Lack of Sex Difference in Minimum Local Analgesic Concentration of Ropivacaine for Ultrasound-Guided Supraclavicular Brachial Plexus Block
Qingqing Pei, Yanqing Yang, Qin Liu, Zhiyou Peng, Zhiying Feng
Department of Anesthesiology and Pain Medicine, The First Affiliated Hospital, Zhejiang University School of Medicine, Hangzhou, Zhejiang, China (mainland)
Med Sci Monit 2015; 21:3459-3466
Sex differences, which may be an important variable for determining anesthetic requirements, have not been well investigated in the aspect of local anesthetic. This investigation aimed to compare the minimum local analgesic concentration (MLAC) of ropivacaine for ultrasound-guided supraclavicular brachial plexus block (US-SCB) between men and women.
MATERIAL AND METHODS: Patients aged 18–45 years undergoing elective forearm, wrist, or hand surgeries under US-SCB were divided into 2 groups according to sex. The initial concentration was 0.375% ropivacaine 20 mL and the concentration for the next patient was determined by the up-down technique at 0.025% intervals. Success was defined as the absence of any pain in response to a pinprick in the region of all 4 terminal nerves and the skin incision within 45 min. The primary outcome was the MLAC of ropivacaine, which was estimated by the Dixon and Massey method. The analgesia duration, which was defined as the time from the end of the US-SCB injection to the time of feeling discomfort and need for additional analgesics, was observed for each patient.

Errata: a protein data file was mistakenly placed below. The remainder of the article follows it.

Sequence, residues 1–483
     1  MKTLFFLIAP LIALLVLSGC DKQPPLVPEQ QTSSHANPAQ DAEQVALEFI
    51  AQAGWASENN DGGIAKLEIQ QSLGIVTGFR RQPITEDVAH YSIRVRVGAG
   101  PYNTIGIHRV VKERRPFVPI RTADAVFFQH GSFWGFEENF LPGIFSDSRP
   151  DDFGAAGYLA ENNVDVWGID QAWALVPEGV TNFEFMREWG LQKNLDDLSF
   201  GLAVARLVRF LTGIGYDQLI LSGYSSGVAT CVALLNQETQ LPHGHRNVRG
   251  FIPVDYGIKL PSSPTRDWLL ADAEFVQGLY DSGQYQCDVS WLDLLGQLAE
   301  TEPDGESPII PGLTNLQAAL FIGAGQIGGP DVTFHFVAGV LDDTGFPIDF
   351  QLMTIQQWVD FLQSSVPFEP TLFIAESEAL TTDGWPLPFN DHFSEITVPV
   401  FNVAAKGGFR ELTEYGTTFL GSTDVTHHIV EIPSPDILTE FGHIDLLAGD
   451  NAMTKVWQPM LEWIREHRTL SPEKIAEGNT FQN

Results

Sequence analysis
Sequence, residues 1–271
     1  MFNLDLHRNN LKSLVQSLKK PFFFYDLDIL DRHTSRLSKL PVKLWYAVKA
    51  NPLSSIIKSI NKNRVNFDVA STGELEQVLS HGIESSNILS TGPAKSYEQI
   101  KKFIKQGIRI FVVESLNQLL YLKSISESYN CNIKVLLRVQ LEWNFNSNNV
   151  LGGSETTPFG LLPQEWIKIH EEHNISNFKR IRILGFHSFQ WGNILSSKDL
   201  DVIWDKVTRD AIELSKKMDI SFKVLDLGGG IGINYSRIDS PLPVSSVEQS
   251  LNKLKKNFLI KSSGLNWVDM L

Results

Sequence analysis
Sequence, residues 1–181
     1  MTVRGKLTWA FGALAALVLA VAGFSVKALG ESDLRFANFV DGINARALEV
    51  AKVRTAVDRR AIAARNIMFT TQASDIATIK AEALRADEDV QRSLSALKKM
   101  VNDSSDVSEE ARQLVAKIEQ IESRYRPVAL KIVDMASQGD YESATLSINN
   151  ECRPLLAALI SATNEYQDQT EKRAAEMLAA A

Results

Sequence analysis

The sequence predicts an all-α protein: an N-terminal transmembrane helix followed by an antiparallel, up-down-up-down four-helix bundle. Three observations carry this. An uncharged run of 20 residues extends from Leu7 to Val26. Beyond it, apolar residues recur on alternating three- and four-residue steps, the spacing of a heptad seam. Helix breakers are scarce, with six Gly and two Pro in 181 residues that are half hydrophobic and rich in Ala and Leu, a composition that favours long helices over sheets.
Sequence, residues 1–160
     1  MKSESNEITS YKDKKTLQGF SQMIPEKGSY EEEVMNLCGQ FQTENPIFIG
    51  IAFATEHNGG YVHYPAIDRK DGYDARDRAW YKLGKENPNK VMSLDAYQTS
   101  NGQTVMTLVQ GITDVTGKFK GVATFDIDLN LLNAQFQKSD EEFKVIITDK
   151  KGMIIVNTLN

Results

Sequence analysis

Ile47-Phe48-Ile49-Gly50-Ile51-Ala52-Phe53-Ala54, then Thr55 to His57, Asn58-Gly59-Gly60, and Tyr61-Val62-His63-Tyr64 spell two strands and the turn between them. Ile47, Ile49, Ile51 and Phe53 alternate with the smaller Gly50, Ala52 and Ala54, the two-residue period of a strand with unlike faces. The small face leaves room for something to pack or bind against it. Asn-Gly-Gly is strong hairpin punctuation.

RESULTS: The MLAC of ropivacaine 20 mL for US-SCB was 0.2675% (95% confidence interval [CI], 0.2512–0.2838%) in men and 0.2675% (95% CI, 0.2524–0.2826%) in women. There was no significant difference in MLAC or the analgesia duration between the 2 groups (P>0.05).
CONCLUSIONS: We found no significant sex-related differences in MLAC or analgesia duration of ropivacaine for US-SCB.
Keywords: Adult, Adolescent, Amides - therapeutic use, Analgesics - therapeutic use, Anesthetics, Local - administration & dosage, Brachial Plexus Block - methods, Forearm - surgery, Hand - surgery, Pain, Postoperative - prevention & control, Sex Factors, Ultrasonography, Wrist - surgery